A Nerve Wrap for Localized FK506 Delivery to Enhance Peripheral Nerve Regeneration
Katelyn Chan, B.Eng BioSci1,2, Marina Manoraj, .1, Jenny Cheung, .1, Jennifer J Zhang, MD, PhD1, Konstantin Feinberg, PhD3, Tessa Gordon, PhD1 and Gregory H. Borschel, MD, FAAP, FACS1,2,4, (1)Division of Plastic and Reconstructive Surgery, The Hospital for Sick Children, Toronto, ON, Canada, (2)Institute of Biomaterials and Biomedical Engineering, University of Toronto, Toronto, ON, Canada, (3)Hospital for Sick Children, Toronto, ON, Canada, (4)Division of Plastic and Reconstructive Surgery, University of Toronto, Toronto, ON, Canada
Introduction: FK506, an FDA-approved drug, encapsulated in biodegradable microspheres and hydrogel, enhances peripheral nerve regeneration in rats. Though effective, this process is not yet user-friendly enough for human surgical use. We hypothesize that incorporating FK506 within a nerve wrap will be simpler and more clinically-feasible to deliver FK506 locally and improve regeneration following microsurgical repair. We aim 1) to develop an implantable FK506 delivery nerve wrap with properties for clinical application, 2) to sustain bioactive FK506 release, and 3) that the wrap be biocompatible and biodegradable.
Material & Methods: 1) Coaxial electrospinning, a one-step process to create core-shell fibrous mats, was used to fabricate the wrap with the biodegradable synthetic polymer polycarbonate urethane (PCNU) which encapsulated FK506 in the inner shell to protect it from burst release within an outer polymer shell. Scanning electron microscopy determined fiber diameter and porosity. Tensile tests measured the dry elastic modulus. Thermogravimetric analysis and differential scanning calorimetry analyzed thermal properties. 2) In vitro incubation and mass spectrometry determined the encapsulation efficiency of FK506 and the release profile. 3) Nerve wraps were implanted around rat sciatic nerves for 7 and 60 days. Hematoxylin & eosin staining was used to determine the in vivo inflammatory response and to quantify biodegradation and nerve compression.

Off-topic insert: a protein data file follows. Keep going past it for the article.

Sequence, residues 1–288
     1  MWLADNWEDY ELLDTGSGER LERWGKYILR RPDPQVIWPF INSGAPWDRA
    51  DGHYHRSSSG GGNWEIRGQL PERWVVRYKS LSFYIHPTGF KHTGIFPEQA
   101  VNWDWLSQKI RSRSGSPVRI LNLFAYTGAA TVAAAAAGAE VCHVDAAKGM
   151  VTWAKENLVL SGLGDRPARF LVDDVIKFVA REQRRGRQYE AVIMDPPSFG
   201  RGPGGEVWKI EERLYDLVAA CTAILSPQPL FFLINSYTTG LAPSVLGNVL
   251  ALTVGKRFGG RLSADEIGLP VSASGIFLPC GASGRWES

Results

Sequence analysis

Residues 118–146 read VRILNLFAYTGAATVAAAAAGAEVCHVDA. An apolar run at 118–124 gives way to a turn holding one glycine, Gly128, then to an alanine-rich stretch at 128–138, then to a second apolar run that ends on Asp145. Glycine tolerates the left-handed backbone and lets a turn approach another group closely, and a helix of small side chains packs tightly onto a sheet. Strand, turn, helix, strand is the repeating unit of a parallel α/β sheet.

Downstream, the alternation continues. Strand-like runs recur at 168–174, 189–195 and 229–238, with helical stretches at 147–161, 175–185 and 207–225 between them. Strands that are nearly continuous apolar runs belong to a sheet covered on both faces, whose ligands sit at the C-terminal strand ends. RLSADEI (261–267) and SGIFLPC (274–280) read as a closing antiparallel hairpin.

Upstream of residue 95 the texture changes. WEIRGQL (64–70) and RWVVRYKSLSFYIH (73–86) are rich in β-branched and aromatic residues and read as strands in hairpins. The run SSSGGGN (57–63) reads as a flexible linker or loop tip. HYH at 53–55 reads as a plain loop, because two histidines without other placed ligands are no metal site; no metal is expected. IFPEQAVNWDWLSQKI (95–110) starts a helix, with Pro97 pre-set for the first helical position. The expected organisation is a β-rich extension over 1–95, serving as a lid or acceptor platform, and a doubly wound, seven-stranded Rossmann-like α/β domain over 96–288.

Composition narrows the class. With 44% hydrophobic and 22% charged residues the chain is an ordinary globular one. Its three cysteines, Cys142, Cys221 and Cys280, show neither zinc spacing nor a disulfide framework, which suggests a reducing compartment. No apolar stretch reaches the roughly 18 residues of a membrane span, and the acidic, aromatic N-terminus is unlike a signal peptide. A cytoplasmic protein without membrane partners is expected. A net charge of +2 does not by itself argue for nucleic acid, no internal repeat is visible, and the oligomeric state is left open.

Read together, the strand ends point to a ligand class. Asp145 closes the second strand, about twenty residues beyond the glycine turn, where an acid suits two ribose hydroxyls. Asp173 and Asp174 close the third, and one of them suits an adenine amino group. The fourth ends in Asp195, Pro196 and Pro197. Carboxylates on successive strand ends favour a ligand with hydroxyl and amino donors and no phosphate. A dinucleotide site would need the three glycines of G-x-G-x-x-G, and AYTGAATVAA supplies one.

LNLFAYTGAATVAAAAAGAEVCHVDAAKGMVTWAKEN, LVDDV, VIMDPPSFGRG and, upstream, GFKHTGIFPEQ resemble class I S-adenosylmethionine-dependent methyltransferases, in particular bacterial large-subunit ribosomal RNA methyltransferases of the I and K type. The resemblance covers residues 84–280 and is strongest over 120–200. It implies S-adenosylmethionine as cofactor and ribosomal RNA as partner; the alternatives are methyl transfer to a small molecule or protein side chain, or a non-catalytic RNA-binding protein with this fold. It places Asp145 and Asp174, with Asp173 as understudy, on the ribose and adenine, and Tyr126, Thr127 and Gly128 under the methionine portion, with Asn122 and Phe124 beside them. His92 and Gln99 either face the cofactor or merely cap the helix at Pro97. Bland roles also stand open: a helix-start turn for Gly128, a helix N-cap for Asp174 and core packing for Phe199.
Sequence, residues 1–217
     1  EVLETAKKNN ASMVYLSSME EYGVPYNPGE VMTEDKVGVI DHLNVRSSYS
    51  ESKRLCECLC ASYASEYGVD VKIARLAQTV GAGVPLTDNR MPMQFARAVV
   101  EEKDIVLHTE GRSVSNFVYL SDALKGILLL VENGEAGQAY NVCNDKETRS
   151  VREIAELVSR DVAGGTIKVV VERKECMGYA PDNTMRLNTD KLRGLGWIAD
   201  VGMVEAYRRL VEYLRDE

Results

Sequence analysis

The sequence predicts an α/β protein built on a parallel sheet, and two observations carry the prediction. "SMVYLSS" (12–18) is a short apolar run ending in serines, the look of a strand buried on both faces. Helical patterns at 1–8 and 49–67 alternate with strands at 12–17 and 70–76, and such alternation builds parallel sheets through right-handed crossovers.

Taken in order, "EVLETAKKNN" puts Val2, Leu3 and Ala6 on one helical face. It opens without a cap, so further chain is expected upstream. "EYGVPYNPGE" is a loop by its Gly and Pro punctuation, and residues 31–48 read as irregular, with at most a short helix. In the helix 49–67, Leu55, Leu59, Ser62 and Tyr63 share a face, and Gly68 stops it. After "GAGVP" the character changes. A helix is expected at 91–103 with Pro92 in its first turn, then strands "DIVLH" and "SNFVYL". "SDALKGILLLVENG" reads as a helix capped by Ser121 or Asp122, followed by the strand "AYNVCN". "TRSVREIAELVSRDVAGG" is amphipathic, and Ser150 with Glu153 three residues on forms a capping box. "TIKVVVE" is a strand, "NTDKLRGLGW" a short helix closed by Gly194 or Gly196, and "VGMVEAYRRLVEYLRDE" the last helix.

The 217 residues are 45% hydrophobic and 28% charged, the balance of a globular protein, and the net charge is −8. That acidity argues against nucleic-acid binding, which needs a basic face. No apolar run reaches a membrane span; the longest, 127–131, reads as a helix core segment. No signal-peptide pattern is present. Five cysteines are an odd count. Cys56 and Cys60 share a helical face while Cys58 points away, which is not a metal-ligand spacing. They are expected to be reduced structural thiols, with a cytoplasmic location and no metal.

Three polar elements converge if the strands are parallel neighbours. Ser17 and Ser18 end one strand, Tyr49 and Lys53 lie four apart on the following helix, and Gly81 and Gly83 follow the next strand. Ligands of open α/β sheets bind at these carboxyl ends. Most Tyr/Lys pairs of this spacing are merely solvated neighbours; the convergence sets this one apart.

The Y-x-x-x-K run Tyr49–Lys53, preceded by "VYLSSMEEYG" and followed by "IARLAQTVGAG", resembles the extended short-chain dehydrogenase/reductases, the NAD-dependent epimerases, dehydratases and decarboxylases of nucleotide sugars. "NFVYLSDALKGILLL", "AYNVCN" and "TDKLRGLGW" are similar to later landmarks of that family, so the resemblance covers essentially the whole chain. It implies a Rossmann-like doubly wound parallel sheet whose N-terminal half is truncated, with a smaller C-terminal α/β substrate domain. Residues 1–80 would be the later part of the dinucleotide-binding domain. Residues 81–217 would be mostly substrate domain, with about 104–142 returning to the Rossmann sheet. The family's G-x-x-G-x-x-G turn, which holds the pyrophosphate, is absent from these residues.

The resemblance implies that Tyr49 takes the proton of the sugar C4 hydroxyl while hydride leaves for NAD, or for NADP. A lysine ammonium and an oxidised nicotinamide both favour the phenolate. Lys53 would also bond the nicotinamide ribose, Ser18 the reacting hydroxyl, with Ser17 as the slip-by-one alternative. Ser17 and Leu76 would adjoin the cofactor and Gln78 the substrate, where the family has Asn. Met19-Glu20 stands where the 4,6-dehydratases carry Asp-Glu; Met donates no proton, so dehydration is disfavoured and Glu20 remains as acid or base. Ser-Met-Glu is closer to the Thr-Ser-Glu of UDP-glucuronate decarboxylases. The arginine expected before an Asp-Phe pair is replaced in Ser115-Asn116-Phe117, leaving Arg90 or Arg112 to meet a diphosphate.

Results: 1) The fiber diameter and porosity were 320 ± 70 nm and 40 ± 10% (means ± standard deviation) respectively, and the dry elastic modulus was 2.38 ± 1.05 MPa. Physical properties of the nerve wrap indicated a longer degradation rate to prolong FK506 delivery and high tensile strength to withstand surgical forces. Onset of degradation for PCNU-FK506 nerve wraps occurred at 260°C with a melt temperature of 43.16°C, indicating thermal stability at physiological temperature (37°C). FK506 encapsulation efficiency was 92 ± 14%, indicating complete availability of FK506 to encourage nerve regeneration following implantation of the wrap. 2) Burst release was observed within 24 hours, but ~4.8ng FK506 remained after 28 days of incubation, still sufficient to enact a neurotrophic effect. 3) Major inflammation was not observed after 7 and 60 days of implantation and the PCNU-FK506 nerve wraps degraded by 58% over 60 days without causing morphological nerve compression.
Conclusions: The electrospun PCNU and FK506 fibers have the potential to form clinically useful and feasible nerve wraps that enhance peripheral nerve regeneration due to their simplicity, ideal physical properties, high FK506 loading, and general biocompatibility and biodegradability.
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